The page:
As you can see, the tooling generates a complex type definition for something called ArrayOfXSDAnyType, which is, in turn, an unbounded sequence of type <xsd:anyType>. Why didn’t it generate an element of type xsd:linkedList to contain your Customers? It’s because there is no xsd:linkedList. There is no xsd:hashMap, no xsd:treeSet, no xsd:vector and no xsd:stack. All of those ficticious types would have some implied functioniality associated with them beyond storing an ordered list of objects. Each language, tool or environment is at liberty to provide arbitrary collection constructs that do one of the following:

- Implement variations of the implied functionality
- Omit that type of collection
- Define others not included in Java collections.

So how do you exchange collections of objects in an interoperable fashion? The answer is using an array.

The solution? Plain arrays…

While some of the collection classes might actually work in your specific environment (such as a Java to Java environment), they might not work in others. Thus, we recommend against using those classes on the service interface. The only way in which collections of objects should be transferred between Web services is as an array. The WS-I Basic Profile describes how arrays (which are still a language-specific construct) are mapped to XML and how this is described in the XML Schema, making its handling interoperable across multiple environments. Listing 3 shows what the changed CustomerService JavaBean looks like:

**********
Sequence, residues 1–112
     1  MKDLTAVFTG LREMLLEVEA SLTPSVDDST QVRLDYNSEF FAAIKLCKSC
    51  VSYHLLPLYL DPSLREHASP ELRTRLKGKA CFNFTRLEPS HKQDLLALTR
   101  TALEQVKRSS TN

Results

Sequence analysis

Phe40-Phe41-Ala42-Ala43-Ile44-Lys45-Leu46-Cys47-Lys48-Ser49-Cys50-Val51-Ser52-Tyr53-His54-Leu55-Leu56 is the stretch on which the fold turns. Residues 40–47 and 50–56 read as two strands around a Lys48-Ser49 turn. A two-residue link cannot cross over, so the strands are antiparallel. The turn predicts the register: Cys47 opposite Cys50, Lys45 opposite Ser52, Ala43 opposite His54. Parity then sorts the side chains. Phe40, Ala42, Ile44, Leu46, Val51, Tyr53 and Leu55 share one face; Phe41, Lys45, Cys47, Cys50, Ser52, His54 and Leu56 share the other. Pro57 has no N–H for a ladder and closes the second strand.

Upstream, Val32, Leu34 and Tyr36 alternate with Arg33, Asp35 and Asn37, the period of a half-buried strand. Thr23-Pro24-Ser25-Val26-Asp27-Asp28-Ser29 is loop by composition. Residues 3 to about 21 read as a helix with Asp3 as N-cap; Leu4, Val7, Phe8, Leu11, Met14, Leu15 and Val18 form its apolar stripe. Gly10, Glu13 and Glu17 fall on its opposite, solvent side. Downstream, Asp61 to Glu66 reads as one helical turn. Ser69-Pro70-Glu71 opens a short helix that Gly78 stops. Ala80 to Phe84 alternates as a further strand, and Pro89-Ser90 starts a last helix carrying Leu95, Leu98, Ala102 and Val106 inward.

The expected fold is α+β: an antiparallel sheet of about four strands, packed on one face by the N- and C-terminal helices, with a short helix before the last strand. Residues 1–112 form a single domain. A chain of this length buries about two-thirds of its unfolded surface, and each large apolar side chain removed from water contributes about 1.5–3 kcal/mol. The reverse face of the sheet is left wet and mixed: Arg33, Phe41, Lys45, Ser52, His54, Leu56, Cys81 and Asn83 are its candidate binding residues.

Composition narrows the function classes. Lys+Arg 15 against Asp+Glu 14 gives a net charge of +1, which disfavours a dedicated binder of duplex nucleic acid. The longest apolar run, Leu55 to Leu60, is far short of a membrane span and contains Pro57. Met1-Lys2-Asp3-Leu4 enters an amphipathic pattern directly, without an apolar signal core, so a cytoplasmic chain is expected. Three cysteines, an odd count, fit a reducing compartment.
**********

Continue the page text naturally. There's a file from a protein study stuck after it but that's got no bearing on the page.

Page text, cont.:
{mospagebreak title=Listing 3. The CustomerService class using a simple array.}

public class TheCustomerService {
  public Customer[] getCustomers(String queryString) {
    Customer customer1, customer2;
    /* … retrieve customers for query … */
    /* create an array large enough to hold the result set */
    Customer[] customers = new Customer[2];
    /* iterate over the result set assigning to the array */
    customers[0] = customer1;
    customers[1] = customer2;
    return customers;
  }
}

As you can see, we have replaced the LinkedList with an array of type Customer. Listing 4 shows the resulting XML Schema in the WSDL definition:

Listing 4. The updated XML Schema for the CustomerService class.

<schema elementFormDefault=”qualified”
  targetNamespace=http://pack
  xmlns=http://www.w3.org/2001/XMLSchema
  xmlns:apachesoap=”http://xml.apache.org/xml-soap”
  xmlns:impl=”http://pack” xmlns:intf=”http://pack”
  xmlns:wsdl=”http://schemas.xmlsoap.org/wsdl/”>
  <element name=”getCustomers”>
    <complexType>
      <sequence>
        <element name=”queryString”
            nillable=”true”
            type=”xsd:string”/>
      </sequence>
    </complexType>
  </element>
  <complexType name=”Customer”>
    <sequence>
      <element name=”customerID”
          nillable=”true”
          type=”xsd:string”/>
    </sequence>
  </complexType>
  <element name=”getCustomersResponse”>
    <complexType>
      <sequence>
        <element maxOccurs=”unbounded”
          name=”getCustomersReturn”
          type=”impl:Customer”/>
      </sequence>
    </complexType>
  </element>
</schema>


This resulting schema definition and the SOAP message that is generated for this service are language-neutral and follow the WS-I Basic Profile.

{mospagebreak title=Create a wrapper interface}

So far, so good. But what if you have an existing class that exposes language-specific Java collection classes in its method signatures, and you still want to expose this class via a Web service?